Driving Porsche's new 911 GT3 for the first time on a track I'd never seen before might have been nerve-wracking. However, even with a three-time winner of the 24 Heures du Mans sitting next to me and eyeing my every move, I enjoyed lap after lap of pursang sports car fun.
The GT3 is so accomplished that it transformed my fists of ham and feet of clay into sharply hewn components of a precision machine. With Hurley Haywood along to provide insight and instruction (and a few fast laps of his own to show how it was really done), my day at Virginia International Raceway was an ideal introduction to Porsche's fastest naturally aspirated street car.
Porsche uses the GT3's 3.6-liter six to homologate the engines it develops for racing, so it is beneficiary of a mouthwatering menu of technology. It's all about getting weight out of the reciprocating components and making it breathe better. A total of 7.7 lb was removed from the engine, which turns so smoothly that no vibration dampers are needed on the crank, saving about 5 lb more. The intake and exhaust cams were tuned to a sharper edge, and a new tappet design contributes to more rapid valve opening and higher valve lift, essential components of a deep-lunged engine. Version ME 7.8 of Porsche's engine management system ensures efficient, clean running.
The 380 bhp grabs the asphalt through the rear wheels only-gloriously unimpeded by any sort of traction control (ABS is the only electronic aid of any sort). Bigger brakes and wheels than in the 911 Turbo, improved aerodynamics, adjustable ride-height suspension, Michelin's newest generation of Pilot Sport rubber and the best power-to-weight ratio in the line help the GT3 perform like the best-balanced athlete ever to rise from the 911 gene pool. It has only two seats, and the air conditioning can be left out to save further weight, but at 3,043 lb (compare to a 2003 C2 at 2,959 lb, a C4 at 3,267 lb or a GT2 at 3,168 lb), it still is more street car than race car.
But what streetable performance! The $99,900 car is said to blast from 0 to 60 mph in 4.3 sec., 0 to 124 mph in 14.3 sec. and reach a top speed of 190, and I wasn't even halfway to the 8200-rpm redline when I became a believer. A full 80% of maximum power is seen by 2000 rpm, while the 280 lb-ft of torque peaks at 5000 rpm.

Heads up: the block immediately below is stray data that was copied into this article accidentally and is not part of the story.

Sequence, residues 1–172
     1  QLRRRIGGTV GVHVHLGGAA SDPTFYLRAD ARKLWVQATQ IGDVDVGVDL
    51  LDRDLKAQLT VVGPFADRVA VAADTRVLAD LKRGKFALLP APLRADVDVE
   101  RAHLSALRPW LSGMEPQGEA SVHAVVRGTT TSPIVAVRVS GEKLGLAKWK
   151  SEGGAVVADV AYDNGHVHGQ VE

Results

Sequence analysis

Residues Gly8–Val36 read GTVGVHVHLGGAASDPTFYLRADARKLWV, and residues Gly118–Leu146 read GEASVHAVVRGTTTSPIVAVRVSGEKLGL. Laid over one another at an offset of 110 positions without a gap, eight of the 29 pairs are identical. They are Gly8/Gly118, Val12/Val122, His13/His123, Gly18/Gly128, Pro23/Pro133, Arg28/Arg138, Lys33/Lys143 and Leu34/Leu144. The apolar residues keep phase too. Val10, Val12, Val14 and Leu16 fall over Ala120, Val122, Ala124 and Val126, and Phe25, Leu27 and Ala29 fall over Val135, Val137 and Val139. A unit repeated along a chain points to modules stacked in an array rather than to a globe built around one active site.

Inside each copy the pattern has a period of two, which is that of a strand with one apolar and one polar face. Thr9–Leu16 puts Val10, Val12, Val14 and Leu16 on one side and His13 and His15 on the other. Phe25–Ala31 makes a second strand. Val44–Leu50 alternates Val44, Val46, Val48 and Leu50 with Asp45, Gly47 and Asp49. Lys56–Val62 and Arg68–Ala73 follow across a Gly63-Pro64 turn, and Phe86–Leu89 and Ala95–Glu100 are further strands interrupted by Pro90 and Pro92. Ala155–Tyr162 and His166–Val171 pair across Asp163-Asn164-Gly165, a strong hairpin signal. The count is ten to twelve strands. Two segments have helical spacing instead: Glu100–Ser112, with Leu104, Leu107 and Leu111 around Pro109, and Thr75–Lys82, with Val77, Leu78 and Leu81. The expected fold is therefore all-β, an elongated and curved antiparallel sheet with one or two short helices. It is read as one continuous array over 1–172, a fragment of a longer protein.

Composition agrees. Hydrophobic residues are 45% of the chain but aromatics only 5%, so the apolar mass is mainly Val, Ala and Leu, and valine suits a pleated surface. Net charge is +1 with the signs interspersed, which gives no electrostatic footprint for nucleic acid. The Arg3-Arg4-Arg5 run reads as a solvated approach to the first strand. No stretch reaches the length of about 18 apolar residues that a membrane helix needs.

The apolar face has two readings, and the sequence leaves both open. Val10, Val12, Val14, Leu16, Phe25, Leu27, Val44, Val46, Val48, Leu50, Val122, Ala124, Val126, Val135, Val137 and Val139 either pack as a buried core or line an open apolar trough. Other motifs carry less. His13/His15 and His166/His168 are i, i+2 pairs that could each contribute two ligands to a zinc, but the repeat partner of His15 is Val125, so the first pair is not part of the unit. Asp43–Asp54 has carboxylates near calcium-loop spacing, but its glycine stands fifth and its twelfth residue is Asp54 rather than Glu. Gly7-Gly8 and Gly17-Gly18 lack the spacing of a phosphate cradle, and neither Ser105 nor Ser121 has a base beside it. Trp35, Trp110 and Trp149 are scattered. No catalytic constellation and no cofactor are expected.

As the Club Sport seat welcomed me into its well-bolstered arms, once again I marveled at the 911's perfect seating position. The GT3's only gearbox is a six-speed manual transmission, blessed with delightfully short and precise shift throws, revised synchro rings (out of steel instead of brass) and splash oil lubrication and external fluid cooling (similar to Porsche racing practice). The track layout was ideal for exploring the car's strengths-which are many but begin with the new, optional ceramic composite brakes. They're 50% lighter than the standard system, reducing unsprung weight by almost 40 lb. The cross-drilled, inner vented ceramic rotors are immune to corrosion, are virtually fade-free and their hardness means an extended service life. On that day at the track, they were simply awesome, especially when setting up for the acute, second-gear right-hander just after the long, 150-mph front straight. It took a couple of laps to for me to "get" it; at first I was stabbing them much too hard and too early, but soon I learned how deep they could take me into a corner with smooth and steady application of the pedal.
And getting through the corners was a study in control due to the stiffer suspension settings and an asymmetric-control limited-slip differential that ranges from 40% lock at the start to 60% once the car is underway. Running gear is comprised of 8.5x18s in front with 235/40s and 11x18s in the rear with 295/30s. The new Michelin Pilot Sport tires that come standard on the GT3 have a unique dual-compound tread design, the outer half for cornering and traction and the inner half for wet handling and high-speed durability. It wasn't long before their predictable grip allowed me to throttle steer with glee through the tight bends.
After the lapping was over, my passenger, winner of more endurance classics than any other driver, said simply, "Good job." Whether this was just his way of saying "Thank you for not crashing the car" or not, matters little. Those two words from Hurley were the perfect end to an exhilarating day in the GT3.